1. Inhalt
  2. Navigation
  3. Weitere Inhalte
  4. Metanavigation
  5. Suche
  6. Choose from 30 Languages

Extremism

Police 'foil Islamist attack,’ Salafist groups banned

Prosecutors in Germany say they believe police have foiled an attempted attack by Islamists against far-right targets. Authorities had earlier staged a series of separate raids, banning three Salafist groups.

Police made four arrests on Wednesday after making raids in the state of North Rhine-Westphalia (NRW).

Prosecutors in Dortmund said that a raid in Bonn, carried out by special police force commandos, had uncovered a firearm and a kilogram of possible explosives. Arrests also took place in Leverkusen and Essen.

Authorities said they believed "imminent" terrorist activities were in the pipeline. A specific attack had reportedly been planned against the leader of the far-right Pro-NRW political party, Markus Beisicht.

In addition, said the prosecutors, a ticked list of Pro-NRW party officials and journalists was found.

Further raids in two states

The arrests came in the wake of raids across the states of NRW and Hesse, with computer equipment, propaganda material, cell phones and over 10,000 euros ($13,000) in cash seized.

There were no reports of a connection between the two police swoops.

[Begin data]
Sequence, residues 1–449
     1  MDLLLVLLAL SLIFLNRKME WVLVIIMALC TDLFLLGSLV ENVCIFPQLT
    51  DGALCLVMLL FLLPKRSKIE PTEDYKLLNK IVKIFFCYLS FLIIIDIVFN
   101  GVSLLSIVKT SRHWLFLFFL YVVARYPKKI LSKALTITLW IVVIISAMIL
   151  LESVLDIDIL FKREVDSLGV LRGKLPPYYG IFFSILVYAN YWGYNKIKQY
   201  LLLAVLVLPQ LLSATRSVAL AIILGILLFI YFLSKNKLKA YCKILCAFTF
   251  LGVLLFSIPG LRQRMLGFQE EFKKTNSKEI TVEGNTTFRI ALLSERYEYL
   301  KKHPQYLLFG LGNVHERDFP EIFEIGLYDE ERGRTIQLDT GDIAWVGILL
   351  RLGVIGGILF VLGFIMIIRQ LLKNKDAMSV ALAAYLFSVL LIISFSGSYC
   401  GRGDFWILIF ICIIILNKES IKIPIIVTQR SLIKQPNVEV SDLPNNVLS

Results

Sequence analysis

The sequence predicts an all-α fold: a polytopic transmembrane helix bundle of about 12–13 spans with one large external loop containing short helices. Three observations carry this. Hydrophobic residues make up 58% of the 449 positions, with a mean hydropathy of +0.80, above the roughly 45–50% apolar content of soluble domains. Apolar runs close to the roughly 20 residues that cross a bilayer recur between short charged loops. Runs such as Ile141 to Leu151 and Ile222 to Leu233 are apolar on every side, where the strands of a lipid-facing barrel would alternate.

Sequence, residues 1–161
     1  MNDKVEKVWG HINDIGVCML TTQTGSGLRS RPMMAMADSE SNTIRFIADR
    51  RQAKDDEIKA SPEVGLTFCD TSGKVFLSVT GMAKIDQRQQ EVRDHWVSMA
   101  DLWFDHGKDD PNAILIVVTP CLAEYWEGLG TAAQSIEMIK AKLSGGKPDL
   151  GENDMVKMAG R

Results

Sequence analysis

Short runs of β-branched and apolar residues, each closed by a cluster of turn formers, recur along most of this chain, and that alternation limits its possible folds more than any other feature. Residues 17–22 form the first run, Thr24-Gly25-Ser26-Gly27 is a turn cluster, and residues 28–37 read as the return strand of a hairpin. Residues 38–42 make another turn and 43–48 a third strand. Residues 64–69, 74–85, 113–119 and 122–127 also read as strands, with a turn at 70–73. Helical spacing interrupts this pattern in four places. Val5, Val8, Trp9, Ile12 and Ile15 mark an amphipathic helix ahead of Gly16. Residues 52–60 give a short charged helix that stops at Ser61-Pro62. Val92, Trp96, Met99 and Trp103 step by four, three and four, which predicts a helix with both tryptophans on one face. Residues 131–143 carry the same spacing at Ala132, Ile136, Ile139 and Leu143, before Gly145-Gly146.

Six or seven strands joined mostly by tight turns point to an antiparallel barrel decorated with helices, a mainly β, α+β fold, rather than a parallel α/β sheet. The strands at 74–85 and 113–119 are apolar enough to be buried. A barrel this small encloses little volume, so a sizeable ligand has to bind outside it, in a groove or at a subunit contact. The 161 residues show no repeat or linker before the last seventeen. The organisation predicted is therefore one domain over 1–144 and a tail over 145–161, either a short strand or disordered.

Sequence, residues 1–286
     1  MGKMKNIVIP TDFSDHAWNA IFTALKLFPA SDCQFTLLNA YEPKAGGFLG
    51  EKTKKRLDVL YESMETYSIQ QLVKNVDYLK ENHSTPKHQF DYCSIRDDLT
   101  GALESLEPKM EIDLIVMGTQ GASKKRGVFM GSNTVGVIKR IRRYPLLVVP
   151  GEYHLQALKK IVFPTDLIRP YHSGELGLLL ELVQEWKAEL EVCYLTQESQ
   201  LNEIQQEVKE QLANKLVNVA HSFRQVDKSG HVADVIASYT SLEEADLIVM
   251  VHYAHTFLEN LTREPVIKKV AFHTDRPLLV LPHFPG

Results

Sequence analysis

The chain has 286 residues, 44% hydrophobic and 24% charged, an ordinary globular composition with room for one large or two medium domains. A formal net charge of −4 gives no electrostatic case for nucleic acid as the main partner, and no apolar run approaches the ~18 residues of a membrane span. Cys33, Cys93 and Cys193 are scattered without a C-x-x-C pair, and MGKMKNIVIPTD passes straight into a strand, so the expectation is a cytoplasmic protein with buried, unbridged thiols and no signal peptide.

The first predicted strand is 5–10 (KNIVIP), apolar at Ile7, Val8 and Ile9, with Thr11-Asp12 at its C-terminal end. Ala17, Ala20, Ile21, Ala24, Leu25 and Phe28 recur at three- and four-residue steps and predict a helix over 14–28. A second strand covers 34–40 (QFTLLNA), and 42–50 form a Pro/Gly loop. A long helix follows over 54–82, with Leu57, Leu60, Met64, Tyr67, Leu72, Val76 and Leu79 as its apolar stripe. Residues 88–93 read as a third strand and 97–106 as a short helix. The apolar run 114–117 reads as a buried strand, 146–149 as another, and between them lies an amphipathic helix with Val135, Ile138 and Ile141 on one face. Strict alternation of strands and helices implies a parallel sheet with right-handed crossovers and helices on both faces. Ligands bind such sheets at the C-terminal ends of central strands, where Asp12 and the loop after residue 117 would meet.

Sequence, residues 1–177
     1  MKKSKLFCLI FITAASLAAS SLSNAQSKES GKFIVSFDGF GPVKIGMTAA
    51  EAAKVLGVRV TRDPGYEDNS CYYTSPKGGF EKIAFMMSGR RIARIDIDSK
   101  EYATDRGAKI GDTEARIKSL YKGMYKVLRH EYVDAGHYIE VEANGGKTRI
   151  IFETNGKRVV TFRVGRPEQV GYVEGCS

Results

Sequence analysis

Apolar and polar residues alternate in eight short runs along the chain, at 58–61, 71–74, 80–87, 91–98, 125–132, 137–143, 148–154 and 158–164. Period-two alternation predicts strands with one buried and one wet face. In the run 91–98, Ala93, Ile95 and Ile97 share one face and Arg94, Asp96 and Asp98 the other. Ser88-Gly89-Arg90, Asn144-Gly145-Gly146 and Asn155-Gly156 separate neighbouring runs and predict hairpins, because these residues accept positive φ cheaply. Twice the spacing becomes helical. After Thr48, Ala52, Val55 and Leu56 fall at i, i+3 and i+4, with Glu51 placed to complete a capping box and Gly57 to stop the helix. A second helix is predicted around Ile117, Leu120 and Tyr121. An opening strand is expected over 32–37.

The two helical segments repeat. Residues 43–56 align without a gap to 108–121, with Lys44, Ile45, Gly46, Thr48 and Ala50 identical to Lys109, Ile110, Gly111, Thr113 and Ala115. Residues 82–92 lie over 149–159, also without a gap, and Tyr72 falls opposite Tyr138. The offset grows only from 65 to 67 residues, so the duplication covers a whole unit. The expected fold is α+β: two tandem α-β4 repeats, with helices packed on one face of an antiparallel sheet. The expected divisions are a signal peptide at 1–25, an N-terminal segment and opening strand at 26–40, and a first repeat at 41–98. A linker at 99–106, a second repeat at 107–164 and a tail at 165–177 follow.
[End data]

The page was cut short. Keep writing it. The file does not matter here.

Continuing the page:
Interior Minister Hans-Peter Friedrich, who described the Wednesday raids as a "decisive blow against local Salafist networks," said the homes of some 20 individuals had been searched in the raids in Frankfurt, Solingen, Düsseldorf and Gladbeck.

The minister announced a ban on three militant organizations that were targeted in the raids after increased surveillance by intelligence services.

The three were "DawaFFM," "Islamische Audios," and "An-Nussrah," the latter being part of a group "Millatu Ibrahim," which was banned when raids took place in June (pictured above).

Friedrich claimed the groups hoped to change society in an "aggressive militant" way, replacing democracy with the rule of Sharia, or Islamic law.

German authorities have accused some Salafists, who favor a strict form of Sunni Islam, of condoning violence against state institutions. Officials believe there are about 4,500 Salafists in the country.

rc/dr (AP, dpa, epd)